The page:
But that doesn’t stop me liking him, even being extremely fond of him. I like (many) of the things he says, I enjoy listening to the way he says them. I like his outlook on things, and I think he’s sincere.

I first saw him performing about a decade ago at a fundraiser for the Campaign Against the Arms Trade. I had never seen him before, not being a big one for the telly; but I was impressed. He was articulate, self-deprecating and quite clearly passionately committed to change.

I don’t really intend this to be a full defence of Brand – that would take a long time. Buy me a pint and I am happy to do so – though it’s fair to say he’s not asking for a defence.

But I do think that Brand is perhaps the most misquoted and misrepresented man since Marx.

Reading the sometimes baffling reviews of his book this last week, I kept thinking of the line from the beginning of The Hitch-hiker’s Guide to the Galaxy, by Douglas Adams:

‘Nearly two thousand years after one man had been nailed to a tree for saying how great it would be to be nice to people for a change’  – it seems we are all lining up  pretty gleefully, to crucify this man for saying some pretty obvious things.

Glaringly obvious and yet mostly unsaid or unacknowledged, at least in the mainstream media.

Brand says – this is an emergency.

The current political system is not fit for purpose and works in favour of no one but a tiny elite.

Democracy has not produced a system that represents ordinary people. Instead we have this neoliberal, capitalism-on-acid world of technicolour inequalities and catastrophic ecological meltdown.

The current system has made the world a dangerous, brutal place to live.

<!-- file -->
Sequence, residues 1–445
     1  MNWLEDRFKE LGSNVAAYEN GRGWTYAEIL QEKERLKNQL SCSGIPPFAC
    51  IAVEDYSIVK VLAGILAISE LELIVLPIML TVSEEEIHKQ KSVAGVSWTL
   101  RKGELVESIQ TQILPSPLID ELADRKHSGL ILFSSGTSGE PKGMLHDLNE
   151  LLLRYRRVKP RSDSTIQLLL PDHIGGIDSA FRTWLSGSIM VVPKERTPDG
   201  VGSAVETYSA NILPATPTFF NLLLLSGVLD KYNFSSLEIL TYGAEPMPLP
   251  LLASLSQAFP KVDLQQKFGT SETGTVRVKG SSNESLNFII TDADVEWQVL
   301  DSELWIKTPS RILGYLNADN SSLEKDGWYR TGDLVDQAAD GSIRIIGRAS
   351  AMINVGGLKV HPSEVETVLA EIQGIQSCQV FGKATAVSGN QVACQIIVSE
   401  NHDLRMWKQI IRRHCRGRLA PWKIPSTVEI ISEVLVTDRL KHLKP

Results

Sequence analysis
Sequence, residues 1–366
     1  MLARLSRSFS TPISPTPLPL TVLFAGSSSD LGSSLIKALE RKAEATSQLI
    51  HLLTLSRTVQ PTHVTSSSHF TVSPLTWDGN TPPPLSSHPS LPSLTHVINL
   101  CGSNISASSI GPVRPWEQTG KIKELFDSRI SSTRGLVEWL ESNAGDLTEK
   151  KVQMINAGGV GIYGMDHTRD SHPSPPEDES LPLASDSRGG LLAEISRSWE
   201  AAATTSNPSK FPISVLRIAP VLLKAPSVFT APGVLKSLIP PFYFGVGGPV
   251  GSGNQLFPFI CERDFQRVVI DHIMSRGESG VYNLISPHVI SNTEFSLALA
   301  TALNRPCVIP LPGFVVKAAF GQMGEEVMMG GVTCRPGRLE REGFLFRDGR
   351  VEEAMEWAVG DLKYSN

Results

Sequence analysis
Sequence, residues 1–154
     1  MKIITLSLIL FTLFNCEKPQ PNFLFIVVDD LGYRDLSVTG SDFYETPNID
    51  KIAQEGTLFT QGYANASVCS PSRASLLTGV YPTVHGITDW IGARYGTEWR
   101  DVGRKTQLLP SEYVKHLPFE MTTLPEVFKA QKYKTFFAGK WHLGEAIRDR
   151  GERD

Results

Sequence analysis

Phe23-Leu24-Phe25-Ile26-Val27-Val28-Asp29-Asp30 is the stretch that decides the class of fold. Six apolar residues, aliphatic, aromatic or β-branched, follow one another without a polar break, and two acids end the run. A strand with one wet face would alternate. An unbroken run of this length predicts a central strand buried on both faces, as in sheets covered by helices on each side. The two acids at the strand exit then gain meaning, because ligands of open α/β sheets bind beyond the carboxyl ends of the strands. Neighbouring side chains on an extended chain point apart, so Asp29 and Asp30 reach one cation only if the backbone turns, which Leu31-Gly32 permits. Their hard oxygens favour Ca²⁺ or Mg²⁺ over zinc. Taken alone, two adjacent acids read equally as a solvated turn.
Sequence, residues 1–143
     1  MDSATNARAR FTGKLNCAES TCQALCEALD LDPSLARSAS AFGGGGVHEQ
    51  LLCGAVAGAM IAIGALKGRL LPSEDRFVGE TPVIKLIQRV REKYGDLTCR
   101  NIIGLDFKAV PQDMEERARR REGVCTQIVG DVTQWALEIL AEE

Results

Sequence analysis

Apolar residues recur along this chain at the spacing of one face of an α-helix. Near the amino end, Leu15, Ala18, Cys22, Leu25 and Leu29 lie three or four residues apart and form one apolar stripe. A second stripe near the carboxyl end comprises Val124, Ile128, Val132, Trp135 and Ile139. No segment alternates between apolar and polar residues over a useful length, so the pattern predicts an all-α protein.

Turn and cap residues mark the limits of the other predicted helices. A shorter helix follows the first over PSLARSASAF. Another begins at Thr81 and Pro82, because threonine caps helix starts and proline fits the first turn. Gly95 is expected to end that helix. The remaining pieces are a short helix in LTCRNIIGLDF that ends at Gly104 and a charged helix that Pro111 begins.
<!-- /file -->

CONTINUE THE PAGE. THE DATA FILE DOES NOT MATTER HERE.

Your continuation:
It’s time to change it and replace it with a system that allows for cooperation, collectivism, more immediate democracy, taking the corruption out of the political system and returning the balance of power to where it belongs and from where it originates – with the people.

That is all pretty clearly stated and set out, with some proposed, fairly specific solutions.

Yet the reviews, for the most part, don’t seem to engage with this central argument at all.

Well, leaving aside the (perhaps dubious) style – there’s a lot of substance in what he says.

Seriously, does anyone really think that the current democratic system serves the electorate?

I was brought up to revere the martyrs of Peterloo and Emily Davison, people who truly were willing to give everything for democracy and freedom. But today as I was dressing Sparkly Daughter in her Emmeline Pankhurst costume for Famous Person Day, this is what I thought:

Thanks Emmeline for having a feeding tube shoved down your throat, thanks and all that, but Russell’s right – voting doesn’t change too much, at least in the UK and the US. We’ve got the vote, but we still don’t have the power.

Brand says – the electoral market is rigged in favour of big business and particularly multi-national corporations; the media perpetuates a consensus that is breathtakingly narrow.

(The great UKIP earthquake has meant that you can now have corporatism, pinkish corporatism, or corporatism with candidates who say ‘Bongo Bongo Land’ and ‘Ting Tongs’.)

A climate where ‘austerity’ requires great sacrifices by the poor and powerless, but trillions can be found to bail out the largest banks to provide bonuses. There are countless examples of this in his book – and everywhere really, if you care to look.

This rigged system has led to gross, obscene inequalities – like the 85 oligarchs that Oxfam says hold more wealth than 3 ½ billion poorest people in the world.

Or the fact that the richest 1% of the UK population have as much as the poorest 55%.

Brand thinks this is a crime against humanity. I agree with him.

Of course Brand isn’t the only person saying this – Owen Jones, the George Formby of the Left, characterises this as ‘socialism for the rich, capitalism for the poor’. Banks get bailed out with trillions of our money, while ordinary people have their mortgages foreclosed, and end up relying on food banks